Boeing and the airline industry are clamoring for billions of dollars in bailouts as the coronavirus crisis has dramatically impacted them financially. Clearly, Boeing, the largest US exporter, will be considered too big to fail, just as General Motors was considered too big to fail and rescued under the Obama administration. The problem in this case, particularly for Boeing, is that share buybacks, on top of misleading the FAA, two fatal crashes, egregious executive compensation, and underperformance on the KC-46 program will likely result in calls for Chapter 11 restructuring before any bailout can occur. The Moral Hazards of rewarding Boeing management for their failures simply won’t fly with the public.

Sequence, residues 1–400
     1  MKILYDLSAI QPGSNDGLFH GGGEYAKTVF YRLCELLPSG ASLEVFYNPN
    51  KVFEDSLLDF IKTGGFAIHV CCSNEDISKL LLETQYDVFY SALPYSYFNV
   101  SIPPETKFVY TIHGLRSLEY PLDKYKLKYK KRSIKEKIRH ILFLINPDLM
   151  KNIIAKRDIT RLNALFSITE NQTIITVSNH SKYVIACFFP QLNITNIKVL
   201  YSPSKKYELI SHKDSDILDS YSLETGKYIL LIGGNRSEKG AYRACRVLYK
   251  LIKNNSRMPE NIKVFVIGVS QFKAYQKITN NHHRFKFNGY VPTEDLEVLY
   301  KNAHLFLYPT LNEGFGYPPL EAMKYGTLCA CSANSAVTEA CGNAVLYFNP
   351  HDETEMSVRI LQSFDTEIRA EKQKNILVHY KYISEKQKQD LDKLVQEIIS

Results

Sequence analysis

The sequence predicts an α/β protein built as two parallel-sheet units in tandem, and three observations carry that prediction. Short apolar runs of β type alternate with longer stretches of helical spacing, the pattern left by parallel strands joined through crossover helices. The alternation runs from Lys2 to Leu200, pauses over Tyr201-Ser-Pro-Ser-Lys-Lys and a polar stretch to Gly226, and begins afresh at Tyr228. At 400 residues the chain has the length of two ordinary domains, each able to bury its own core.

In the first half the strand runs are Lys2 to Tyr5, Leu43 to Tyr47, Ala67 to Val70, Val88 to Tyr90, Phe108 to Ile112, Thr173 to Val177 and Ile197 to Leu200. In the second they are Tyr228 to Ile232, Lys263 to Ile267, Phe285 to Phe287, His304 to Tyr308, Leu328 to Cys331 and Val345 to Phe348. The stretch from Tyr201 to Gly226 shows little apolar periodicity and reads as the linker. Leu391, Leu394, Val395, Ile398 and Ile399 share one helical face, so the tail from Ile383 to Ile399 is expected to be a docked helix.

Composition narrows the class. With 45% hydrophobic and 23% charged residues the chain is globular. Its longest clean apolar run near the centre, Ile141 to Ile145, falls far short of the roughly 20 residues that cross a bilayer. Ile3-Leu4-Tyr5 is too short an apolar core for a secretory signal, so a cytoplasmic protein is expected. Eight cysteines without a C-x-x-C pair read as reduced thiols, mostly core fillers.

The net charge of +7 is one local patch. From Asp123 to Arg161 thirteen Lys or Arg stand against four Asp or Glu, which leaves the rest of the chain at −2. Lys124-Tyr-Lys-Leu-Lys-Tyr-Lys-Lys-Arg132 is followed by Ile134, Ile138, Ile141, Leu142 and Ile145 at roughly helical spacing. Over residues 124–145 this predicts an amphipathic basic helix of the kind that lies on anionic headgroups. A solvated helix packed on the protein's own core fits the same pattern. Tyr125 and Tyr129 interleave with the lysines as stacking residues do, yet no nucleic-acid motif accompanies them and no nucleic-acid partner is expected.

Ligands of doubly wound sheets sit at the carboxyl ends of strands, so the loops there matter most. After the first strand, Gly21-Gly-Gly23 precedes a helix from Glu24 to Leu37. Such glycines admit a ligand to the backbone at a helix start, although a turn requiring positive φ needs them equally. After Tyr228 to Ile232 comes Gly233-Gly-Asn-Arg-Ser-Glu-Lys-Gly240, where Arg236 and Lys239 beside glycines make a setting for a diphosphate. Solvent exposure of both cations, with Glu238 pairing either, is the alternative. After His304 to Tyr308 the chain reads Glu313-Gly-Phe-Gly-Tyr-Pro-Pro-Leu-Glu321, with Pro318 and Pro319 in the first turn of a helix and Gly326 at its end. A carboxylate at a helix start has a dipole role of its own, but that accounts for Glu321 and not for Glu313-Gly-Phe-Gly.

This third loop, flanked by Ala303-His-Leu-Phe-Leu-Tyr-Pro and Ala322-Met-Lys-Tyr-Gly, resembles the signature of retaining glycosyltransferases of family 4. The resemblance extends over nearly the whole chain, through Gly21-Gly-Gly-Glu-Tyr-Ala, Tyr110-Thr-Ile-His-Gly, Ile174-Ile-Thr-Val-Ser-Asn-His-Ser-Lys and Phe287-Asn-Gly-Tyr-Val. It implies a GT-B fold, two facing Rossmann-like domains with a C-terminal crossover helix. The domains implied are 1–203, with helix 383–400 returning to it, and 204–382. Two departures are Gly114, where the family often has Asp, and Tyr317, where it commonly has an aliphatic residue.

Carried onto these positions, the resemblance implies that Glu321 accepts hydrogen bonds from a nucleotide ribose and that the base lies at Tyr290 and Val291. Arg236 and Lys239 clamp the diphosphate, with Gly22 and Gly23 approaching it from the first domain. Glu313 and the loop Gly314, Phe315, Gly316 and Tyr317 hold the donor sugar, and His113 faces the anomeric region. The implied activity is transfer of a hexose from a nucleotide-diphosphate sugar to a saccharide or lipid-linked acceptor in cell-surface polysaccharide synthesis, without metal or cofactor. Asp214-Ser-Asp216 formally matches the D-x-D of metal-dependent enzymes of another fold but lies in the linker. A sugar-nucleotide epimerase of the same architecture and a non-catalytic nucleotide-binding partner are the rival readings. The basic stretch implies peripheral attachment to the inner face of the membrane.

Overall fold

Similarly, a number of the major airlines have also bought back shares to increase their share prices, and share a fiscal moral hazard with Boeing in that regard. Since those share buybacks are now the equivalent of burning up their cash reserves to enrich shareholders and executives with stock options, revisiting Chapter 11 restructuring may also be required for some airlines if Congress reacts negatively to their fiscal behavior.
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